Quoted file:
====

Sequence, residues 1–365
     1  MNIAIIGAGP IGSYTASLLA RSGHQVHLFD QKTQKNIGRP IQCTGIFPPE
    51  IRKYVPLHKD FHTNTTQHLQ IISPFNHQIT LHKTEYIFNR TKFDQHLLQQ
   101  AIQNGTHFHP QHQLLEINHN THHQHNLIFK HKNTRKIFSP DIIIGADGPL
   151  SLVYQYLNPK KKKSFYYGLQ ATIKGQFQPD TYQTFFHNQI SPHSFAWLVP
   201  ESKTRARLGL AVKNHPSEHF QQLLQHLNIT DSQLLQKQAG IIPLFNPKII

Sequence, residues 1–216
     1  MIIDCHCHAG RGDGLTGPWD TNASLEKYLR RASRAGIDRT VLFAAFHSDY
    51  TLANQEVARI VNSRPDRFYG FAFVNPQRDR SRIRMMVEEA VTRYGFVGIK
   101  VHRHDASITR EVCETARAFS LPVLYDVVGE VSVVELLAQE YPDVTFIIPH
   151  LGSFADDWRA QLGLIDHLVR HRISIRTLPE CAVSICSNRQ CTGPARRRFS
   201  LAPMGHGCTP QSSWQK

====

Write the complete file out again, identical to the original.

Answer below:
Sequence, residues 1–365
     1  MNIAIIGAGP IGSYTASLLA RSGHQVHLFD QKTQKNIGRP IQCTGIFPPE
    51  IRKYVPLHKD FHTNTTQHLQ IISPFNHQIT LHKTEYIFNR TKFDQHLLQQ
   101  AIQNGTHFHP QHQLLEINHN THHQHNLIFK HKNTRKIFSP DIIIGADGPL
   151  SLVYQYLNPK KKKSFYYGLQ ATIKGQFQPD TYQTFFHNQI SPHSFAWLVP
   201  ESKTRARLGL AVKNHPSEHF QQLLQHLNIT DSQLLQKQAG IIPLFNPKII

Sequence, residues 1–216
     1  MIIDCHCHAG RGDGLTGPWD TNASLEKYLR RASRAGIDRT VLFAAFHSDY
    51  TLANQEVARI VNSRPDRFYG FAFVNPQRDR SRIRMMVEEA VTRYGFVGIK
   101  VHRHDASITR EVCETARAFS LPVLYDVVGE VSVVELLAQE YPDVTFIIPH
   151  LGSFADDWRA QLGLIDHLVR HRISIRTLPE CAVSICSNRQ CTGPARRRFS
   201  LAPMGHGCTP QSSWQK